Once Dronacharya the venerable guru of the royal princes organized an archery contest to test his pupils' proficiency with the bow and arrow. Before they actually took a shot at the target (an eye of the bird perched on a tree), each of them was asked to describe what all was visible to them in their frame of view. Some of them mentioned the particulars of the tree, others described the bird while some others even waxed eloquent upon the picturesqueness of the whole scene. When it came to Arjuna's turn however, he informed Dronacharya that to him only the eye of the bird was visible and nothing else. Needless to say it was only Arjuna's arrow which found its mark.
When the body has been tempered by asanas, when the mind has been refined by the fire of Pranayama and when the senses have been brought under control by Pratyahara, the sadhaka (practitioner) reaches the sixth stage called dharana. Here he is concentrated wholly on a single point or on a task in which he is completely engrossed. The mind is to be stilled in order to achieve this state of complete absorption. Approached in this frame of mind, the task at hand is sure to be successfully accomplished.
7. Dhyana or Meditation: As water takes shape of its container, the mind when it contemplates an object is transformed into the shape of that object. The mind which thinks of the all-pervading divinity which it worships, is ultimately through long-continued devotion transformed into the likeness of that divinity.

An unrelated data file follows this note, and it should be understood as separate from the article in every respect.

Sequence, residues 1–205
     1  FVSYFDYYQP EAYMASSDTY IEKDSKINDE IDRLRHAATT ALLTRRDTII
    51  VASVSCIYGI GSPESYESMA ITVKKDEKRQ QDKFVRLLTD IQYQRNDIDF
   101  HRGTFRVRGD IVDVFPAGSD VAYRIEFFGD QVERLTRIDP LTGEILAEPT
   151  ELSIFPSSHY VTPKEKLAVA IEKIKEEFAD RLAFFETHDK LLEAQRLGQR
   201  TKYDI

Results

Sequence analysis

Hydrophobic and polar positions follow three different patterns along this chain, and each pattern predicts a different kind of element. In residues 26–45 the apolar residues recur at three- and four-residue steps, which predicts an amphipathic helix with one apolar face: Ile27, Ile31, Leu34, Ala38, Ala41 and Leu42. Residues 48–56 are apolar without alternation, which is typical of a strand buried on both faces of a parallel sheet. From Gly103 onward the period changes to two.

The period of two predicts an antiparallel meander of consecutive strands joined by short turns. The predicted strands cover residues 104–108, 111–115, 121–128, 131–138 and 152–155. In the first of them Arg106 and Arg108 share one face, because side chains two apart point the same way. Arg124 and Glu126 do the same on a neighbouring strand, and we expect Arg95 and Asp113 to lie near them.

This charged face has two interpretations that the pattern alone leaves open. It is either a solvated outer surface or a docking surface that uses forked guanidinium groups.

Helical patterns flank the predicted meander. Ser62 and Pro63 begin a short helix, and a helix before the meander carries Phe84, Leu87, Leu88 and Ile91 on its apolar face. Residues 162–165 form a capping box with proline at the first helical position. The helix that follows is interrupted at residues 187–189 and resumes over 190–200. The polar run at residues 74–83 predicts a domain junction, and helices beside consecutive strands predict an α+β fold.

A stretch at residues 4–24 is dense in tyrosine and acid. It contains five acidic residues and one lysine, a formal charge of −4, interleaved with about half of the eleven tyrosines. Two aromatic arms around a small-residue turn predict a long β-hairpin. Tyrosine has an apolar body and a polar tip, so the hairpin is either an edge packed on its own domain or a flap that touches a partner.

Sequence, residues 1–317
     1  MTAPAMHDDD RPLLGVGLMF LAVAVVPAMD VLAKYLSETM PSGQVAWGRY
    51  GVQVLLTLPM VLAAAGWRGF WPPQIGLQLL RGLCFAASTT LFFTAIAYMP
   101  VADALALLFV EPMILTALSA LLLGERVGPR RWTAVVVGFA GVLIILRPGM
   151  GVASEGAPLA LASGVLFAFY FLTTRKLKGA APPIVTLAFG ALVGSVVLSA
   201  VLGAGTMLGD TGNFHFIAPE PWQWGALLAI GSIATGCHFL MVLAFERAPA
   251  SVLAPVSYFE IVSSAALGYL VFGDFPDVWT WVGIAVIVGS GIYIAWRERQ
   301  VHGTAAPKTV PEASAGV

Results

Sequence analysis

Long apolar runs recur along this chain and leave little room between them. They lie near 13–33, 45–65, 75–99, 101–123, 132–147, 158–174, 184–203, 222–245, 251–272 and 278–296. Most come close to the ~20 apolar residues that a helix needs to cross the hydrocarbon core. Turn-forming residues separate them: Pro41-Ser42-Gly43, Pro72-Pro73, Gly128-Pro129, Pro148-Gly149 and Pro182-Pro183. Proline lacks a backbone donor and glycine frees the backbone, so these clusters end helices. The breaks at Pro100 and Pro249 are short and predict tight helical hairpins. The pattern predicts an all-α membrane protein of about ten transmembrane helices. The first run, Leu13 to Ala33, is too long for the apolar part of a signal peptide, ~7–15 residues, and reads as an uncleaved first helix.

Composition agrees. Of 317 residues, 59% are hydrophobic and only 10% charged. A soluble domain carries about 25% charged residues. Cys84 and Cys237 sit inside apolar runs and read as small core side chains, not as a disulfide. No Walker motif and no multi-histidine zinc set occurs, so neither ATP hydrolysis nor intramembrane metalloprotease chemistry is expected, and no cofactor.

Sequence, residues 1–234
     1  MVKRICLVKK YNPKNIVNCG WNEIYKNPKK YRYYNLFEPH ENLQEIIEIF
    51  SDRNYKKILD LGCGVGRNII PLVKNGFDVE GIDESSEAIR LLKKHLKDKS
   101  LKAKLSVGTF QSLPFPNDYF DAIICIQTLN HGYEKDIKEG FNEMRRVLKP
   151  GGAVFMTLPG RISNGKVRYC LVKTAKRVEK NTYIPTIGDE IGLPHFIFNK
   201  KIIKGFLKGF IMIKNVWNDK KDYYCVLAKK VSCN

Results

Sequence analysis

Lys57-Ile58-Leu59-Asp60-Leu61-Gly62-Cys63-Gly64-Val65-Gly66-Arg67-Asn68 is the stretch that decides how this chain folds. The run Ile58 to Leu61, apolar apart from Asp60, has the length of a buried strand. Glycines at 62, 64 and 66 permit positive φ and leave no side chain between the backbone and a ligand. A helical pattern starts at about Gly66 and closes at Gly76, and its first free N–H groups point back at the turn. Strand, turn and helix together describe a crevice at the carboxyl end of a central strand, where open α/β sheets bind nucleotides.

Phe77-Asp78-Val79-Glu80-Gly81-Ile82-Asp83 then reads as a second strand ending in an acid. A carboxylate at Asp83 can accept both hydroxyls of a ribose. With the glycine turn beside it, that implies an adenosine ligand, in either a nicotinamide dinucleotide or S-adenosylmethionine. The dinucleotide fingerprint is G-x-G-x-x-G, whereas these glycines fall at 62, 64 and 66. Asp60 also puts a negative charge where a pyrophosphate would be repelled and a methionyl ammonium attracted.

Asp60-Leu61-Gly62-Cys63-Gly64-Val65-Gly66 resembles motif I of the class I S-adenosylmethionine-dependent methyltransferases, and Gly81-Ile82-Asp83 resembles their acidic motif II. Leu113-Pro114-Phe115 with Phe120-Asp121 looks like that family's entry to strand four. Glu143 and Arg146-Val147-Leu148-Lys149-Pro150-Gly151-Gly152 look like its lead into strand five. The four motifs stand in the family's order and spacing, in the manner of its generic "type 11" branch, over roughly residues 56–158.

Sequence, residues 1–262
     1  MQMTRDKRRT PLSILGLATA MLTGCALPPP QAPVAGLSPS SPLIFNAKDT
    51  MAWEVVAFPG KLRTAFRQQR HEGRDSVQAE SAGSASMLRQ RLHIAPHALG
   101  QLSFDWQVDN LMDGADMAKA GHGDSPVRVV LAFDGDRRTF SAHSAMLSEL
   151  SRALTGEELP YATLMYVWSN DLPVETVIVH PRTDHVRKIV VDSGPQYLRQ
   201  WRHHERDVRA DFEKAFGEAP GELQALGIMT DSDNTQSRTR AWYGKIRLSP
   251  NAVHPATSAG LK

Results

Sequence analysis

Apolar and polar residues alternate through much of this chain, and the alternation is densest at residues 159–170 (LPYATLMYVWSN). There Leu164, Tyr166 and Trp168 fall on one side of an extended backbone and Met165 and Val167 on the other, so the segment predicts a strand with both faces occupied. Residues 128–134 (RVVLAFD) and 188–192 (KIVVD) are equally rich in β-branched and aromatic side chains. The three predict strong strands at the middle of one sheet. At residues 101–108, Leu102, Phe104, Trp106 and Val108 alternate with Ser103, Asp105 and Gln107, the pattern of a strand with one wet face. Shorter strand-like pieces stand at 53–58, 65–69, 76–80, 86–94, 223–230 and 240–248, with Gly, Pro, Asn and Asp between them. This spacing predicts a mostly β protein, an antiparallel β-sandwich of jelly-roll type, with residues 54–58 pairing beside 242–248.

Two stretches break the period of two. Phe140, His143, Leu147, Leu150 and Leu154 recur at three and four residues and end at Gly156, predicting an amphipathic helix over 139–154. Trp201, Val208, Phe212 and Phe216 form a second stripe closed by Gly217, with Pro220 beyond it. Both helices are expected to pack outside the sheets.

When oil is poured from one vessel to another, one can observe the steady constant flow. When the flow of concentration (dharana) is uninterrupted, the resultant state that arises is dhyana (meditation). According to Iyenger, 'As the filament in an electric bulb glows and illumines when there is a regular uninterrupted current of electricity, the yogi's mind will be illuminated by dhyana. His body, breath, senses, mind, reason and ego are all integrated in the object of his contemplation.
Thus Buddha, when engaged deep in meditation during his search for Nirvana, is often depicted in a posture known as the 'Dhyana Mudra.'
8. Samadhi: Samadhi is the end of the sadhaka's quest. At the peak of his meditation, he passes into the state of samadhi, where his body and senses are at rest as if he is asleep, but his faculties of mind and reason are alert as if he is awake.
The sadhaka is tranquil in this state, and worships the formless infinite as that from which he came forth, as that in which he breathes, as that into which he will be dissolved. The soul within the heart is smaller than the smallest seed, yet greater than the expansive sky. It is into this that the practitioner enters.
It is that state of being when contemplation completely merges with the object it is contemplating, and all distinctions between 'the seer' and 'the seen' get eliminated. Comparing the experience of samadhi with other experiences, the sages say: 'Neti! Neti!' - 'It is not this!' The purport being that this state can only be expressed by profound silence. The yogi has departed from the material world and is merged in the Eternal. There is then no duality between the knower and the known, for they are merged like camphor and flame.
References and Further Reading
- Daljeet, Dr. Tantra: New Delhi, 1994.
- Dehejia, Vidya (Ed). Representing the Body (Gender Issues in Indian Art): New Delhi, 1999.
- Eliade, Mircea. Yoga Immortality and Freedom: Princeton, 1969.
- Hutchinson, Ronald. Yoga A Way of Life: London, 1974.
- Iyenger, B.K.S. The Concise Light on Yoga: London, 1983.
- Saraswati, S.K. A Survey of Indian Sculpture: New Delhi, 1975.
- Walker, Benjamin. Hindu World: New Delhi, 1983.
- Zimmer, Heinrich. The Art of Indian Asia (2 Vols): Delhi, 2001